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Success! State budget includes $1.25 million to help keep Michigan kids safe from lead dangers

More than $1 million to help keep Michigan children safe from lead poisoning was included in a budget bill signed in June by Governor Rick Snyder. The allocation was a direct result of advocacy and education efforts by the Michigan Alliance for Lead Safe Housing (MIALSH). MEC is part of the coalition’s core leadership team.

The money, $1.25 million, will be used in the 2013-2014 budget year. Advocates expect the Department of Community Health (DCH) to use the funds to address the backlog of homes waiting to be made lead safe, and for nursing and case management support for affected families.

“This funding brings us closer to the day when no children are lead poisoned,” said Tina Reynolds, MEC’s health policy director and lead coordinator of the MIALSH coalition. “We have the ability to eradicate lead poisoning entirely in Michigan. This bipartisan budget agreement is a step in that direction.”

More than 6,700 kids in Michigan exceed the Centers for Disease Control’s reference level for lead, although the CDC says there is “no safe level” of lead in a child’s blood. Effects of lead exposure and poisoning include lowered IQ, permanent reproductive and nervous system damage, behavioral problems, lack of impulse control, aggression, lower academic achievement, and higher incarceration rates.

The budget appropriation builds on the work of the coalition last year, when $2 million for lead programs was included in proposed budgets for Fiscal Year 2013. That funding made it all the way to Gov. Snyder’s desk, but was one of just three budget items he vetoed.

MIALSH is a statewide lead advocacy group formed to secure adequate and sustainable funding for lead poisoning prevention activities in Michigan. MIALSH has a diverse membership that includes public health agencies, lead service providers, lead-affected families, lead contractors and inspectors, DCH, environmental health organizations, and the landlord community among others.

MIALSH advocates for renewed state funding to make homes lead safe for children. In addition to MEC, its core leadership team includes representatives from the Detroit Lead Partnership, including CLEARCorps Detroit, as well as the Healthy Homes Coalition of West Michigan, Michigan Council for Maternal & Child Health, the Michigan Department of Community Health (DCH), Lyke Thompson of Wayne State University, and Ecology Center.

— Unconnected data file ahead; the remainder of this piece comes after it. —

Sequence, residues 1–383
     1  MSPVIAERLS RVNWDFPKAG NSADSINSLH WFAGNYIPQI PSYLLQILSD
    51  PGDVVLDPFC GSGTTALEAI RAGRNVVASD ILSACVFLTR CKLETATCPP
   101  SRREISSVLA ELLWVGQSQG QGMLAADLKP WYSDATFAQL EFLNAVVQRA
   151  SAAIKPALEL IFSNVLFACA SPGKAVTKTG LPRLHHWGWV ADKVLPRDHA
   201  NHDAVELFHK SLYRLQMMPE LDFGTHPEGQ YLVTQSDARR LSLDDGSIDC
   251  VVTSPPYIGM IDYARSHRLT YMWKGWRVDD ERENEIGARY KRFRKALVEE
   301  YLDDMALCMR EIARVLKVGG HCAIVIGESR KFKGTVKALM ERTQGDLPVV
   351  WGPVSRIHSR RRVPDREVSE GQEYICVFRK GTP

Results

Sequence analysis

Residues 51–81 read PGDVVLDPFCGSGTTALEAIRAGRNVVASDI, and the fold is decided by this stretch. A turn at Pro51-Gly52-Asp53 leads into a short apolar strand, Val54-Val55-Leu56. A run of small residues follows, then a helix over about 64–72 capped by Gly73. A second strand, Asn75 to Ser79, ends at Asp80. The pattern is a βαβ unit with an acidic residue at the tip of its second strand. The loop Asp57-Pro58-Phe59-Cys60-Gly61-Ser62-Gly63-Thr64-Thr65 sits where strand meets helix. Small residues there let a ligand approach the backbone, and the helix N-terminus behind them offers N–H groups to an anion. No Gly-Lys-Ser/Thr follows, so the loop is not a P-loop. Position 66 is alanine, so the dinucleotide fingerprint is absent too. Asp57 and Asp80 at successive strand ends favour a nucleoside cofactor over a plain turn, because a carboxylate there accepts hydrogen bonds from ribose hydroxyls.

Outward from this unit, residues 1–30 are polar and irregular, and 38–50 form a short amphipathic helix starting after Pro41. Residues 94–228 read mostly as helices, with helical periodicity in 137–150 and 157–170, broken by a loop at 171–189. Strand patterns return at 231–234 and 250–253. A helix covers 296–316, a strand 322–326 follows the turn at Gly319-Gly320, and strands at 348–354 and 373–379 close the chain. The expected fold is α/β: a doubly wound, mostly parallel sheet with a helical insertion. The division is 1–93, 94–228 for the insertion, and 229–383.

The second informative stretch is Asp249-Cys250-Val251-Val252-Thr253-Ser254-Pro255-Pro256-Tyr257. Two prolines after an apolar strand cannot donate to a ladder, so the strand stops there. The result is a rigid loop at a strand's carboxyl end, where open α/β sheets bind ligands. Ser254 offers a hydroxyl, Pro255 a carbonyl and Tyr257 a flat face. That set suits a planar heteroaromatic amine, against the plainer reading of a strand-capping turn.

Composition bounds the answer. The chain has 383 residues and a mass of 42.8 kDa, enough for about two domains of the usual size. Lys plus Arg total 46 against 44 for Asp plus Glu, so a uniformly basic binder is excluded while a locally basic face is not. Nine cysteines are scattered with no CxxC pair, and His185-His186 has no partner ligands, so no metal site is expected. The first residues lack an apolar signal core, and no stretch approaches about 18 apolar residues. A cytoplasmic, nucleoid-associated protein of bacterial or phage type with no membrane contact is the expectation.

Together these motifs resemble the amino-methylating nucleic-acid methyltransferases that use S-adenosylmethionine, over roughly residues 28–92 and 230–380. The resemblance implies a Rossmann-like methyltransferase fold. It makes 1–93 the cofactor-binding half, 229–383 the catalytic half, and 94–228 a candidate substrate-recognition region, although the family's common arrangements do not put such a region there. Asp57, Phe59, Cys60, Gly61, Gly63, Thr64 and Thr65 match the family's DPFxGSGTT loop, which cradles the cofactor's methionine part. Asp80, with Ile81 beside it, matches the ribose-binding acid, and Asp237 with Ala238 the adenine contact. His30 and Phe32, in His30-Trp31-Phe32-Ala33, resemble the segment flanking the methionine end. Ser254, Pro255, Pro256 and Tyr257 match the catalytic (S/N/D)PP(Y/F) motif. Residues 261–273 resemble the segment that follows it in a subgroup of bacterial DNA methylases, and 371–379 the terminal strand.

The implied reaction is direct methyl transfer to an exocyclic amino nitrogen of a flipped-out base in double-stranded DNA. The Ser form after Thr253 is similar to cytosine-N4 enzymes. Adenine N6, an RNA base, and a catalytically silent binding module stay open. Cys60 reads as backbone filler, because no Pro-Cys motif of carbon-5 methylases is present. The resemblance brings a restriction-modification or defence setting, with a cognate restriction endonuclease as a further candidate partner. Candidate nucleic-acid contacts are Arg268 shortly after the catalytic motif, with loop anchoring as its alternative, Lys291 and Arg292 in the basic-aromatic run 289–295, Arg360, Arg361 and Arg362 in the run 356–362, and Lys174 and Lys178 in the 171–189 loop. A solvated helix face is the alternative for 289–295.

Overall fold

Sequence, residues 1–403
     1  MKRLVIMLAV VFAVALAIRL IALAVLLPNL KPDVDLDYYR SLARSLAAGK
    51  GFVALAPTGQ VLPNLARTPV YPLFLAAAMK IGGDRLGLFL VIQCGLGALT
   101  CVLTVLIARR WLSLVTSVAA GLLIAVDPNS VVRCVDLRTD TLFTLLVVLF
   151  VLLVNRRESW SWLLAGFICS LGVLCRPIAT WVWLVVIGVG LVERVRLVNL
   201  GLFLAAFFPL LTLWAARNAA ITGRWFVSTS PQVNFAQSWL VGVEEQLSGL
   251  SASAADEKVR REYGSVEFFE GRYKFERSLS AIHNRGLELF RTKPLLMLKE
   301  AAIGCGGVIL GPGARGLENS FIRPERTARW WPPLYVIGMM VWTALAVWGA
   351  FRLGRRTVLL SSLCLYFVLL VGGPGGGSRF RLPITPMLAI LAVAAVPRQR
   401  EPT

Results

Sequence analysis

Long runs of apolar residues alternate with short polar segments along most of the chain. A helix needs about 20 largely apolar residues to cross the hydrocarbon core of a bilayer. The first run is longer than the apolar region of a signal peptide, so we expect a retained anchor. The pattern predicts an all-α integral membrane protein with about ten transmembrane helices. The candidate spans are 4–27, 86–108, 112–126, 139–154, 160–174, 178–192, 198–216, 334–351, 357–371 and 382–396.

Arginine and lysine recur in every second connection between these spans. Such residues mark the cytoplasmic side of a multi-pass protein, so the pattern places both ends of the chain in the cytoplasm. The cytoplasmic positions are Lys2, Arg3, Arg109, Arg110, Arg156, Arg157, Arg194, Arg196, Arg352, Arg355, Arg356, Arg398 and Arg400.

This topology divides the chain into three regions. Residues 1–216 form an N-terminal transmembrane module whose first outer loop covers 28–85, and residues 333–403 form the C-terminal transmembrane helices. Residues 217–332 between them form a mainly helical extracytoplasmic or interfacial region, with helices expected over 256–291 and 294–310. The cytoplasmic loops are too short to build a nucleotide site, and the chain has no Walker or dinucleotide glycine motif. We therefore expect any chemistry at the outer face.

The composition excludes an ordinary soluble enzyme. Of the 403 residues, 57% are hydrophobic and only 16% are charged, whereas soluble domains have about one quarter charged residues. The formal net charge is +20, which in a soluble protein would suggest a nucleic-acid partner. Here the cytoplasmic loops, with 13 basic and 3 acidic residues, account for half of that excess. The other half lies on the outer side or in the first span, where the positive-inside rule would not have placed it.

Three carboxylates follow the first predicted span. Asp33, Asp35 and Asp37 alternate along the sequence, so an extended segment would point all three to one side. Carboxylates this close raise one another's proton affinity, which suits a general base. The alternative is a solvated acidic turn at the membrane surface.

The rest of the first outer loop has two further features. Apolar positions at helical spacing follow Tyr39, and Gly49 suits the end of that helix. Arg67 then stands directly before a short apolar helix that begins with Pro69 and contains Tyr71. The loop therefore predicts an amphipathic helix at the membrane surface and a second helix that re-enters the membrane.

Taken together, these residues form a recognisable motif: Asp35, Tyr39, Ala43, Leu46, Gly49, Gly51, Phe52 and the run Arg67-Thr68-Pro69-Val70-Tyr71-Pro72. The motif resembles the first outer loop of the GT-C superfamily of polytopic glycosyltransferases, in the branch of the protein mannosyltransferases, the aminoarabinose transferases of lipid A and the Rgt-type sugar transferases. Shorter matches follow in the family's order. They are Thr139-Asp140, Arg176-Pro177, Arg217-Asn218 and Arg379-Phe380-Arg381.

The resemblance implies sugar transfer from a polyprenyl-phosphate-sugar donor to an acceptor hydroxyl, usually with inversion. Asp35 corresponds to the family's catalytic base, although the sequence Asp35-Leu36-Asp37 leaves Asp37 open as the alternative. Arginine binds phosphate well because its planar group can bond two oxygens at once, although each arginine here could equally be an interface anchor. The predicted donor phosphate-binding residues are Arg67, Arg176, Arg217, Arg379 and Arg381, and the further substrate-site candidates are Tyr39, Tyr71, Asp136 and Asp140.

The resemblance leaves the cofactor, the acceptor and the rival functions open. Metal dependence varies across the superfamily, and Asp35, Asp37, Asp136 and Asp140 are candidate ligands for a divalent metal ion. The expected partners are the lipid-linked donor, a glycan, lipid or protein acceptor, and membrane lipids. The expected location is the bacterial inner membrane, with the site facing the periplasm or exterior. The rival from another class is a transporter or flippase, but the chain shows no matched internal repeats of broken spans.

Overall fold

MEC’s Reynolds serves as the lead coordinator of MIALSH. She organizes monthly conference calls that now are attended not only by core partners, but also representatives of the U.S. Department of Housing and Urban Development (HUD), doctors and nurses, health departments, and the Wayne County Prosecutor’s office. She also has worked to strengthen the coalition by adding new members and educating potential new allies. In each of the past two years, for example, Reynolds has addressed the annual meeting of Michigan’s certified lead professionals. Through this outreach, she has brought 23 new lead professionals and contractors on board this year to help make a “jobs” case for the coalition’s goals.

 MEC has also led the coalition’s communications work. MEC interns developed a coalition website and worked with Reynolds on three content pieces on lead poisoning and policy solutions. Now active on Twitter and Facebook, Reynolds posts multiple times a week with relevant lead safe tips and stories to keep the coalition fresh, current and relevant. In early 2013, the coalition also launched a monthly online newsletter and worked with allies to inspire media coverage of the issue. Recent articles, including a major feature in The Detroit News, have emphasized the links between lead poisoning and low educational test scores, high incarceration rates, and other such negative outcomes for vulnerable children.

Thanks to all these efforts, MEC and our MIALSH partners have started to gain important traction in efforts to educate state leaders about the continued high incidence of lead poisoning in Michigan, the nearly foolproof effectiveness of programs to test high-risk children and abate homes, and the dramatic cuts in funding.

In addition to individual meetings with more than two dozen key decision makers in Lansing, the coalition celebrated National Lead Awareness Week in 2012 and 2013 with Lead Education Days in the State Capitol. In both cases, MEC supported and joined dozens of activists from Detroit and elsewhere in scheduling and holding meetings with key decision makers and their staff members. This year, two lead poisoned families participated in these visits and had a powerful impact on state leaders.
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